07 Aug 2023
Charlie Hetherington

Battery energy storage: the numbers and trends behind July’s revenues

In July 2023, battery energy storage revenues in Great Britain bounced back (a little) from the lows of the previous couple of months. Modo’s monthly Revenue Benchmark was the highest it’s been since January - though still lower than at any point in 2022.

The Modo Revenue Benchmark for July was £5,892/MW - up 54% from June. Essentially, any batteries that earned more than this amount (the median revenue of all the assets on the Modo Leaderboard) did better than most across the month.

Shaniyaa dives into the numbers and trends behind July’s Revenue Benchmark.

So, what’s behind these numbers? Which markets proved the biggest earners for batteries in July? And what were the major trends or events that shaped last month’s battery energy storage revenues in Great Britain?

There’s now more than 2.9 GW of grid-scale battery energy storage in Great Britain

In July, three new grid-scale battery energy storage assets (>7 MW) came online in Great Britain - adding around 80 MW (and 100 MWh) of new battery capacity to the system.

Overall, this brings us to the brink of 3 GW - and means that battery energy storage capacity in Britain has grown by 1 GW in the past eight months. The previous 1 GW of capacity took two years to come online - so buildout speed is really ramping up!

Want to know more about the buildout pipeline of battery energy storage in Great Britain? Check out our latest quarterly update here!

Increased Dynamic Containment Low volumes led to the highest average prices since November

National Grid ESO procured its highest-ever volumes of Dynamic Containment in July.

  • The average requirement (per EFA block) in the high-frequency service was 1,226 MW - slightly higher than last month, but generally following the recent pattern of steady increases.
  • The average requirement in the low-frequency service was 1,245 MW. This was a massive, 53% jump from June - and was due, in large part, to frequency oscillations in Scotland.

As a result, prices in Dynamic Containment Low increased as well - they more than quadrupled, from £1.41/MW/h in June, to £6.41/MW/h in July. This was the highest average monthly price since November 2022.

Most of the high prices came in the first half of the month - Modo Plus and Enterprise users can check out our Deep Dive on the topic.

Dynamic Containment revenues for batteries were 80% higher in July than in June. And, overall, the service provided 66% of July’s battery energy storage revenues.

However, Dynamic Containment is still heavily saturated - and will likely remain so as more capacity enters the market

The service still only paid around 15% of the prices seen during the summer of 2022 - this is because Dynamic Containment is fully saturated.

Even with the increase in volume requirements, eligible capacity far outstrips the volume that National Grid ESO is looking to buy.

Negative prices in July created wholesale opportunities for batteries

On two separate weekends in July, lots of wind and solar energy coincided with lower demand - which produced record-breaking negative prices all over Europe.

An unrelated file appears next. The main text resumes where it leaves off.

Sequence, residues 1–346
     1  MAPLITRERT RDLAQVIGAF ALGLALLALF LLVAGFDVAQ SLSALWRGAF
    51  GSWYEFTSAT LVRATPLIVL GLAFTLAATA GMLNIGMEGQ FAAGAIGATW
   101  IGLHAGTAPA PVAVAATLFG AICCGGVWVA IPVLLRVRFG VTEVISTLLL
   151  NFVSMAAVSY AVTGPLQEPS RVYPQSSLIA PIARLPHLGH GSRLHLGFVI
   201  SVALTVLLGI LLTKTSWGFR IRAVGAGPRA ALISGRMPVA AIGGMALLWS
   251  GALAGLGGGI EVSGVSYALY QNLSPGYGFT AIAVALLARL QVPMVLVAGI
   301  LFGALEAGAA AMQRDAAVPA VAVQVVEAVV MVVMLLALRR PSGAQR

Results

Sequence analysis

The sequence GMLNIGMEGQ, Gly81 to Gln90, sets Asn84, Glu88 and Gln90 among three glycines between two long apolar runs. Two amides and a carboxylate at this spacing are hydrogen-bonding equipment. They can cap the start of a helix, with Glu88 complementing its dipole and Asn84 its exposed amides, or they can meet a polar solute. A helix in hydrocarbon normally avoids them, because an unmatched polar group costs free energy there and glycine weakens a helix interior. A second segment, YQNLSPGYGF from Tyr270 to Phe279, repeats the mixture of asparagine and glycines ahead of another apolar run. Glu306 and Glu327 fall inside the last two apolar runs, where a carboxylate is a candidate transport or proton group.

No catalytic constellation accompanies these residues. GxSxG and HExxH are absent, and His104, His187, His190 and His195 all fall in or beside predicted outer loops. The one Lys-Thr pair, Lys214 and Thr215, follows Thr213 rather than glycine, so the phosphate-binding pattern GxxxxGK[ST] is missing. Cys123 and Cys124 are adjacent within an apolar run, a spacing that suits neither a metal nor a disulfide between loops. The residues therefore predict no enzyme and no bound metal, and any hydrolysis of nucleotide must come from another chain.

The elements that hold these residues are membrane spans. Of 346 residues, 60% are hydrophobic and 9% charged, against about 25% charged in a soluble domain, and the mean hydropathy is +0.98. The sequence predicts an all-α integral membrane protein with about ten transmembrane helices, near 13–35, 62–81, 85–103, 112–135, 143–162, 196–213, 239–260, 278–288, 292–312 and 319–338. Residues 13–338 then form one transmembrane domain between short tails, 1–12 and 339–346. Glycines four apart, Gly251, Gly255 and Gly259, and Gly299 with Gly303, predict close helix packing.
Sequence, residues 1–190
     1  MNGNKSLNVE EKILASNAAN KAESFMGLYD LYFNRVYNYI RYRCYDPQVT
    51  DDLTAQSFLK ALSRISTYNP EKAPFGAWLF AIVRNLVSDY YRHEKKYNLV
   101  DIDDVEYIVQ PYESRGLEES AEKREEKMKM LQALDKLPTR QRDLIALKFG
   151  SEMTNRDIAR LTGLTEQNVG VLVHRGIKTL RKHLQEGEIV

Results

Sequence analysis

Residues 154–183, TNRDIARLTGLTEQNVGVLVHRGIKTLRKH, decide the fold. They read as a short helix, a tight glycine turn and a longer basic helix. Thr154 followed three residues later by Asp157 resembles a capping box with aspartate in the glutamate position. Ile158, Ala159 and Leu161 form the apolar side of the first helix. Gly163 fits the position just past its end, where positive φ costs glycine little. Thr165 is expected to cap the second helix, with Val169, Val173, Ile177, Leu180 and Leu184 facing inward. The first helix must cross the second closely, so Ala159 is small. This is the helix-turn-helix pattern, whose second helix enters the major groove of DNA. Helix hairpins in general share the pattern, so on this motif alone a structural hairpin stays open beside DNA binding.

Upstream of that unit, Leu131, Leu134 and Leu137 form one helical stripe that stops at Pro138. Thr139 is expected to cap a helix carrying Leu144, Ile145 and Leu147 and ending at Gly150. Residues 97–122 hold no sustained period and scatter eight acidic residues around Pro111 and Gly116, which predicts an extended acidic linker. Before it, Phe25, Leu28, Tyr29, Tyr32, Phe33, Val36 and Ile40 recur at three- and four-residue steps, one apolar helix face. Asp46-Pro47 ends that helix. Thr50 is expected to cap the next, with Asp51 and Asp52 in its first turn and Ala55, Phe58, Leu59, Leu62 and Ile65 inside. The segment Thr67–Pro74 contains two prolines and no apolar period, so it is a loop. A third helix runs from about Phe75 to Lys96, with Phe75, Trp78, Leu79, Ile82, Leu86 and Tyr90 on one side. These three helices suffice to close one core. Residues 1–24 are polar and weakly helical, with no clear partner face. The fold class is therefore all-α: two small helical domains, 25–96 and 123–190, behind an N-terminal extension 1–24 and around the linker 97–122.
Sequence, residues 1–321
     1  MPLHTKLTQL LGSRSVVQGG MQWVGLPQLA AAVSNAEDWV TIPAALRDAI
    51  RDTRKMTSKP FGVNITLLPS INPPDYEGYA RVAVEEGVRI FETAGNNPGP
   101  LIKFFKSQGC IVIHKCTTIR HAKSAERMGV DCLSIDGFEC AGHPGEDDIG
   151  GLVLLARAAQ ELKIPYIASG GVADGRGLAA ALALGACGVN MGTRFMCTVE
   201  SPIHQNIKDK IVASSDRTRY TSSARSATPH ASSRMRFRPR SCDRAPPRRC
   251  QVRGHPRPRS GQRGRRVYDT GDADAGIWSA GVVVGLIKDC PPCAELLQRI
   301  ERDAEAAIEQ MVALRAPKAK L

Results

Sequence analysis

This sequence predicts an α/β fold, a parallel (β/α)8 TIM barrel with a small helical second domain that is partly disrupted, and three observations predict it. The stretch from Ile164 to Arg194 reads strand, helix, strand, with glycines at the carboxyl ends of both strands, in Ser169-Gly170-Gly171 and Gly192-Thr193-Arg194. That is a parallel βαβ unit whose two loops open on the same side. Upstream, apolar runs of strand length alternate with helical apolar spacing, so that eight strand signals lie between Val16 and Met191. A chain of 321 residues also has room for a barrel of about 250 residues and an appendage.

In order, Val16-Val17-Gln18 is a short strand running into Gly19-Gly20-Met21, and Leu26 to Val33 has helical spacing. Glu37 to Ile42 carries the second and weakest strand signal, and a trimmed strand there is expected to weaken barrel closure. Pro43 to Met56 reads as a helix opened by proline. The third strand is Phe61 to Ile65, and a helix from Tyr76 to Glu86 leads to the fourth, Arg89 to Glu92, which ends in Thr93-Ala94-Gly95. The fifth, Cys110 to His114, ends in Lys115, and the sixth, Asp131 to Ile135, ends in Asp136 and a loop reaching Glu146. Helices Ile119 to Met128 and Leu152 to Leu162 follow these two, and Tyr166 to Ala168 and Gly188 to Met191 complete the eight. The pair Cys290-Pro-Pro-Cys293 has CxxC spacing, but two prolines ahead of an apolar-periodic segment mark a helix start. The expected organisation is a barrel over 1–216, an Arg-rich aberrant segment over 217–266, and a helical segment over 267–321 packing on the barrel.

In the EPEX hourly day-ahead market, we saw a record low price of £-75.70/MWh. This meant that batteries could be paid to charge.

We covered the response of Britain’s battery energy storage fleet to these record negative prices in this Deep Dive - available to Modo Plus and Enterprise users.

On the other weekend (15th and 16th July), the negative wholesale power prices saw batteries earn four times more than on days with ‘normal’ pricing - £20,567/MW vs. £5,336/MW (annualized).

Wholesale spreads were up 20% from June - and battery revenues from wholesale activities doubled.

Dispatch volumes in the Balancing Mechanism flattened - after four months of significant growth

After several months of growth in the volume of battery dispatches in the Balancing Mechanism, July actually saw a drop-off in Offer volumes. However, a 32% increase in Bid volumes meant that overall dispatch volumes rose to 14.9 GWh (2% higher than in June).

With increasing revenues elsewhere (as noted above), this meant the overall share of monthly battery revenues from the Balancing Mechanism fell to just 4% - down from 7% in June.

Want to know more about the Balancing Mechanism? You’re in luck...

We’ve recently published a number of articles looking specifically at Balancing Mechanism “skip rates”. Check them out below:

  • We calculated battery “skip rates” in the Balancing Mechanism to be 91%. Modo Plus and Enterprise users can check out the Deep Dive - and everyone else can read the Quick Take version.
  • We also looked at how battery skip rates compare to other technologies - and that piece is available for everyone. Read it here.
  • And, lastly, we looked into one of the reasons why batteries get skipped so often - there’s a 15-minute restriction on dispatch durations, which prevents batteries from competing for a whole lot of Balancing Mechanism volume.
  • That’s a two-parter: everyone can read Part One (which looks at why the 15-minute restriction exists), while Modo Plus and Enterprise users also have access to Part Two (which explores exactly how much volume batteries are missing out on).